School & District Management

Post-Election Outlook for State Aid to Schools Uncertain

By Joetta L. Sack — November 16, 2004 3 min read
  • Save to favorites
  • Print

States will continue to see fiscal challenges in the coming years, a prospect that does not bode well for increasing their K-12 budgets, analysts from the National Conference of State Legislatures said at a post-election meeting here.

Along with Medicaid and other health-care expenses, precollegiate education is commanding a larger share of state budgets, the analysts said, squeezing out other programs in a time of revenue shortfalls and aversion to higher taxes.

Moreover, the federal government’s huge budget deficit and other pressing priorities—including the Iraq war, homeland security, tax changes, and Social Security—could take a big bite out of federal funds available to states, experts at the Nov. 5 gathering said.

John A. Hurson

“We clearly are very concerned about what all this means for state budgets,” said state Delegate John A. Hurson, a Democrat in Maryland’s lower house who is this year’s president of the NCSL.

The Denver-based NCSL brought its analysts here three days after the general elections to help dissect how the results might affect state policy—and to make the case that the outcomes of state-level campaigns should be looked at in addition to those for federal offices.

“All the oxygen gets sucked up by the race for the White House, but we happen to think that [states] is where the work is really being done,” said NCSL senior fellow Tim Storey.

See Also

Calling state legislative races the “hidden election,” Mr. Storey said some noteworthy trends emerged from the results. Among them were the dominance of Republicans in the South, and the strong showing in some places by Democrats, who picked up significant numbers of legislative seats in Minnesota, New Hampshire, North Carolina, and Vermont.

Close Party Splits

But the results did little to ease the close divisions between the two parties in many states.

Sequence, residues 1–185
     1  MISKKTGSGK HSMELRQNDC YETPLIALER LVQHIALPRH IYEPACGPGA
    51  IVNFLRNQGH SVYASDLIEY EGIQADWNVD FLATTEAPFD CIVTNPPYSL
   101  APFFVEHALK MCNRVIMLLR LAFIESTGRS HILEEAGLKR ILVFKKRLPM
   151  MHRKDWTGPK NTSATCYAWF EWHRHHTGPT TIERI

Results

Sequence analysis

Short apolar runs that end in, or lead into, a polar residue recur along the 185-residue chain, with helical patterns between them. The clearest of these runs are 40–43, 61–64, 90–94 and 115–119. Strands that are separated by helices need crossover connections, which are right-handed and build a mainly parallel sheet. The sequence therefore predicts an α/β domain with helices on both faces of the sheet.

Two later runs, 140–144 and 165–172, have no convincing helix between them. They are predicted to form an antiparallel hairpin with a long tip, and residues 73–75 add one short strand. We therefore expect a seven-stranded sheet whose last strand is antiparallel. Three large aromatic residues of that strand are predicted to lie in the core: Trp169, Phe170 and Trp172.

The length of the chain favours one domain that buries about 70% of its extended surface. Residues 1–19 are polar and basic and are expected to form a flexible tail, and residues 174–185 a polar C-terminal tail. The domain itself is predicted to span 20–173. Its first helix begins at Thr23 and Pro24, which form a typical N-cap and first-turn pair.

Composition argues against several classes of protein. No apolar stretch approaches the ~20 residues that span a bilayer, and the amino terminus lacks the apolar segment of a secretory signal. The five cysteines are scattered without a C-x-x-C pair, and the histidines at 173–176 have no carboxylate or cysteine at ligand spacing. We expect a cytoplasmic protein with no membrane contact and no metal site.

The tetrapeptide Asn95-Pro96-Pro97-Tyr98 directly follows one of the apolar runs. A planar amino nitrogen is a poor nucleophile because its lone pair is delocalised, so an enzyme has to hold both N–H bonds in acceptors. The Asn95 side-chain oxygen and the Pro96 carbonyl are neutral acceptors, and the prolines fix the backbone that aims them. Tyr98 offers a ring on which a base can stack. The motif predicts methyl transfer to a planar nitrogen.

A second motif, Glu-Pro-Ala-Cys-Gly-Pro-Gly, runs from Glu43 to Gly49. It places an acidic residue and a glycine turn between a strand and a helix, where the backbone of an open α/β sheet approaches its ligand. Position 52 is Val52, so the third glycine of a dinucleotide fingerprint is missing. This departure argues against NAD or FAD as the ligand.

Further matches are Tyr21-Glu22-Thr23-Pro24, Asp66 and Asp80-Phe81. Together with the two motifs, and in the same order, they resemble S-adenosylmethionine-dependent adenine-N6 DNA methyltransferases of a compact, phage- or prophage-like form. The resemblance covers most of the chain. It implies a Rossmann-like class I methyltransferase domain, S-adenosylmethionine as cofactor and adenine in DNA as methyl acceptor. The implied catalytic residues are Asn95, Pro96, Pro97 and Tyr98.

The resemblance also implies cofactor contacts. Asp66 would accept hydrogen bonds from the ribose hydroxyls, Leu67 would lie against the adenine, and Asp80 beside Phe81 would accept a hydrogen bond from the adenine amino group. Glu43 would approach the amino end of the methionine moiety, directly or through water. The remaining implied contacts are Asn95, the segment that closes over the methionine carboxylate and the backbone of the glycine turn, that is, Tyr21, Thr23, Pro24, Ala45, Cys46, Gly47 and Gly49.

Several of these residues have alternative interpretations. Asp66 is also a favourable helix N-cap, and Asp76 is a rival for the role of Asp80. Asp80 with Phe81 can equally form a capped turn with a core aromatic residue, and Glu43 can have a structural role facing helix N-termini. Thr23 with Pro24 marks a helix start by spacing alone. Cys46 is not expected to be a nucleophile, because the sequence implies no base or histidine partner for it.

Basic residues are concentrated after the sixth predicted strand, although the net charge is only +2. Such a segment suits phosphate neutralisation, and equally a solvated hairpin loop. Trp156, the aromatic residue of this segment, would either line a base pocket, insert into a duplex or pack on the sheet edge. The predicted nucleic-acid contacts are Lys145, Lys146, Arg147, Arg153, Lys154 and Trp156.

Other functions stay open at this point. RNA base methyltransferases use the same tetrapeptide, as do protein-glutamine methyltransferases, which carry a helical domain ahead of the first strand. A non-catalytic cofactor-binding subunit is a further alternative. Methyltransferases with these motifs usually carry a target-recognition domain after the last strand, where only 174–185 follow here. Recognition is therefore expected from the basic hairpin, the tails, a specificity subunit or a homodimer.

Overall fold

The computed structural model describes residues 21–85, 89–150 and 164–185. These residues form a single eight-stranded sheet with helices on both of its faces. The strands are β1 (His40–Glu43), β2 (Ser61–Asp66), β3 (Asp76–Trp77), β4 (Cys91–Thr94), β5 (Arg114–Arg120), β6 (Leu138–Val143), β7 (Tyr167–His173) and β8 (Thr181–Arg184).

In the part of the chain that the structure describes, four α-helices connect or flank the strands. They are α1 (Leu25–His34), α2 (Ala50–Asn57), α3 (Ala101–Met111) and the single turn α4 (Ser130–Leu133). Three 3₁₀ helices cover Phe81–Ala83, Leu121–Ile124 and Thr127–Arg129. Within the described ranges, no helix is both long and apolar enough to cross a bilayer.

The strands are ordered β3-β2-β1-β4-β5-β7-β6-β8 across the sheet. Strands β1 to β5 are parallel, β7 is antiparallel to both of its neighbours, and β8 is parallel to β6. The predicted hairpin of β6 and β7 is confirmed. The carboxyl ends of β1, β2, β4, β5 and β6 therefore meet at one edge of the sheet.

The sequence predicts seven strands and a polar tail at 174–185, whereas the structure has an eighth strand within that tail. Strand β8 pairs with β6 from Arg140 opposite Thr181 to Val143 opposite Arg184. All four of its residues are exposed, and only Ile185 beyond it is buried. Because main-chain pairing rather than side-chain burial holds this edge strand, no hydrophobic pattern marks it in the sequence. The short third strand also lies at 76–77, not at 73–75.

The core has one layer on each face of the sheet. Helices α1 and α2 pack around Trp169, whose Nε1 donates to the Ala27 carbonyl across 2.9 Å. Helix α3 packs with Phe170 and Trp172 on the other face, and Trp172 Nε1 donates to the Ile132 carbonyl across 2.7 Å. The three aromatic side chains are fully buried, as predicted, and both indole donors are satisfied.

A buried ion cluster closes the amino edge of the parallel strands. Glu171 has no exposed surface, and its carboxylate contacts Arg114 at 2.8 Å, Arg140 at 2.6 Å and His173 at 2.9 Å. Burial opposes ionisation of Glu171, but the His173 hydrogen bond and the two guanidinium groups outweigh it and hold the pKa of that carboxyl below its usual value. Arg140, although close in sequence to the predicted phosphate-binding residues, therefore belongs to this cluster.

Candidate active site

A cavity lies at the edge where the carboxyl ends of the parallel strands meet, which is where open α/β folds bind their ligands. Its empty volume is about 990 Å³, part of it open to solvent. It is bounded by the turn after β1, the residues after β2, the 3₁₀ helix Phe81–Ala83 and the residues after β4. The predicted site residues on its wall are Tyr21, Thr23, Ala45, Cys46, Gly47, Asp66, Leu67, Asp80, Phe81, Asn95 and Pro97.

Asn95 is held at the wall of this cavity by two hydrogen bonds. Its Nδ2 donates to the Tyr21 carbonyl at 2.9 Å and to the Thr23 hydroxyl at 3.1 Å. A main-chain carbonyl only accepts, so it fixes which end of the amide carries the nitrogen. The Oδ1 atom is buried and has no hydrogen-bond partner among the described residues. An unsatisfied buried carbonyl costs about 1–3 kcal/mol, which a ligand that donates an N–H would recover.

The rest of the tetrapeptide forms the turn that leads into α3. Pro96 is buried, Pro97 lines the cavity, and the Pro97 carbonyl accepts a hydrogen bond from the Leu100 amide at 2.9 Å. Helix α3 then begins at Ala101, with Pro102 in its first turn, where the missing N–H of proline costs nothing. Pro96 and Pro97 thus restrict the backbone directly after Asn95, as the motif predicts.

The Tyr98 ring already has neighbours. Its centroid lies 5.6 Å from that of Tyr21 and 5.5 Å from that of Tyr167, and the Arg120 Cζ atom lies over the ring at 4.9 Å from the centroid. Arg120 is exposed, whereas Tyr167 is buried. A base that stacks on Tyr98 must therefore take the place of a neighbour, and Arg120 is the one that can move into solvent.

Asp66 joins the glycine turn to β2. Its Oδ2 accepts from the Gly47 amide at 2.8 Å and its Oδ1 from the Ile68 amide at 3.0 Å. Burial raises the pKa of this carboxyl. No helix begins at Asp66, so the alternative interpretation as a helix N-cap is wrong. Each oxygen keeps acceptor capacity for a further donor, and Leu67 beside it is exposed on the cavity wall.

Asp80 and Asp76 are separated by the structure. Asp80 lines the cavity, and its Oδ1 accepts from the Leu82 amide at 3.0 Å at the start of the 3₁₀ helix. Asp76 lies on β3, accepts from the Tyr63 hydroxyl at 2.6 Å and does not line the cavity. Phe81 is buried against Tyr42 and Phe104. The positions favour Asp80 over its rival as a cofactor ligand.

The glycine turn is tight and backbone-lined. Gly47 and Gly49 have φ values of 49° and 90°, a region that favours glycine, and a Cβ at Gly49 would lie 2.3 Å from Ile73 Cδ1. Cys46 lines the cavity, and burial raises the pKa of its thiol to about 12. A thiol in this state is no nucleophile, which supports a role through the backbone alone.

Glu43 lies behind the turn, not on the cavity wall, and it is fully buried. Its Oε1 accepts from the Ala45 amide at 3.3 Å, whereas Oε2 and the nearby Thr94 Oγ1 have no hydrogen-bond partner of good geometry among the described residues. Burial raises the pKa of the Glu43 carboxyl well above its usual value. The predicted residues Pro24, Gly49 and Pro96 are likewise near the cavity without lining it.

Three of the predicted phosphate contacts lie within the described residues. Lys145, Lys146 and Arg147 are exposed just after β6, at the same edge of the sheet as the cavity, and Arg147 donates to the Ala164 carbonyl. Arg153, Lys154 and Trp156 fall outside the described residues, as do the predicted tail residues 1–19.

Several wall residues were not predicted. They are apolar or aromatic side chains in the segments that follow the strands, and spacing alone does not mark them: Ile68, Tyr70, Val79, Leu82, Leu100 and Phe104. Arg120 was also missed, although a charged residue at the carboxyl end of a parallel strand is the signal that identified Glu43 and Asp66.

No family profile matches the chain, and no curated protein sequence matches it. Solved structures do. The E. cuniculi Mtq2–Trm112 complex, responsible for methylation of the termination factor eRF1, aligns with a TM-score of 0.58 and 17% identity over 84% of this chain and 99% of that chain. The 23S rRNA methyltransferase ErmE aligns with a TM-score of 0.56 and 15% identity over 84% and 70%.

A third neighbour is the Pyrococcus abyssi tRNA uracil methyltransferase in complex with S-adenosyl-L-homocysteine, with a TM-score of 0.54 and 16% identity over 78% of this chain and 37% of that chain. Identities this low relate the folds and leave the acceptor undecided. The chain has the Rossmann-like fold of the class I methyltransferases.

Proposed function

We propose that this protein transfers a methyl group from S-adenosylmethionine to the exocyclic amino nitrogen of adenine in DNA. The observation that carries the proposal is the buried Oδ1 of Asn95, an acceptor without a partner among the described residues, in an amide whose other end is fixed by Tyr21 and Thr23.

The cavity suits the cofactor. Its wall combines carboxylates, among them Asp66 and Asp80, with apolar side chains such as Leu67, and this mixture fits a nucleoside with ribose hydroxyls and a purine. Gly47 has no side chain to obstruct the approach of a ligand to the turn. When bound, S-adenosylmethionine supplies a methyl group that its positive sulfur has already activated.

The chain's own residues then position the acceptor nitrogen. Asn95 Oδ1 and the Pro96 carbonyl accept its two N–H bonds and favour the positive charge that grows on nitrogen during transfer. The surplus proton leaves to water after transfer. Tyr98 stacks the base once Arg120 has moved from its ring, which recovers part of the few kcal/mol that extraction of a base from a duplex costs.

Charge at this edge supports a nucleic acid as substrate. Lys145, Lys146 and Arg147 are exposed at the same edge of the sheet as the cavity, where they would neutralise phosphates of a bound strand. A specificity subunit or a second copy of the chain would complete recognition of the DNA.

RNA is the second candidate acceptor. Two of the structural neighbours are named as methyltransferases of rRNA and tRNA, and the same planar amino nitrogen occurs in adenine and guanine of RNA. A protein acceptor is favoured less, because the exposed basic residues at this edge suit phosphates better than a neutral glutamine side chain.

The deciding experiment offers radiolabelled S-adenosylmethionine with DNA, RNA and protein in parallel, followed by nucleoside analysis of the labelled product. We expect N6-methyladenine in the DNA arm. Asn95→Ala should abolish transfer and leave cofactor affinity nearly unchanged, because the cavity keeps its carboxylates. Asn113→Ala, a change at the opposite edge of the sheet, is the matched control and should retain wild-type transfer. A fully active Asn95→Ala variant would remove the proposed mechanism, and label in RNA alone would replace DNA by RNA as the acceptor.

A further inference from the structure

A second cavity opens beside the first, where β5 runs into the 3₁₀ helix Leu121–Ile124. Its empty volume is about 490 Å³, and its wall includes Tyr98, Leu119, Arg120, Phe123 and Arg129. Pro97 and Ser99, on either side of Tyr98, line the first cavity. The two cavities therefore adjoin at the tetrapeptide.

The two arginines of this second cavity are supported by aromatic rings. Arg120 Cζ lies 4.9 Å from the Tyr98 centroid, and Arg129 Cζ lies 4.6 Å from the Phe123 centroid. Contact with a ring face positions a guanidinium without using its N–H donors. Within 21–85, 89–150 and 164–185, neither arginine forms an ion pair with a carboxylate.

“While the Democrats did manage to do OK at the state level, we are now in the position of a country that is very, very evenly divided,” Mr. Hurson said.

Given that reality, analysts said that legislators in many states will have to find ways to work together on big-ticket items such as the federal No Child Left Behind Act, which was identified by the experts here as one of the top issues for state lawmakers in the upcoming legislative sessions.

An NCSL task force has been meeting monthly since April of this year to discuss potential changes to the No Child Left Behind law. The panel’s recommendations, which are expected to center on the costs of implementing the law and the viability of states’ testing systems, are due to be released in late January.

Corinna Eckl, the NCSL’s fiscal-affairs director, said the preliminary data from states’ fiscal 2005 budgets show that revenues are at about the same levels they were in fiscal 2002, before states began to see massive budget shortfalls from the recession.

“I don’t think revenues will have the ability to return to the robust levels of the 1990s,” Ms. Eckl said. Further, she added, “we are in a more conservative fiscal climate.”

That conservative climate extended to ballot initiatives related to school finance that were put before voters around the country on Nov. 2. In general, voters were receptive to measures that increased education funding—if the proposals did not translate into higher taxes, said Jennie Bowser, an NCSL program principal. (“Voters Largely Reject Funding, Policy Shifts,” Nov. 10, 2004.)

While the tax-limitation movement may be starting to sputter, she said, the idea of tax increases for education is still not drawing many votes.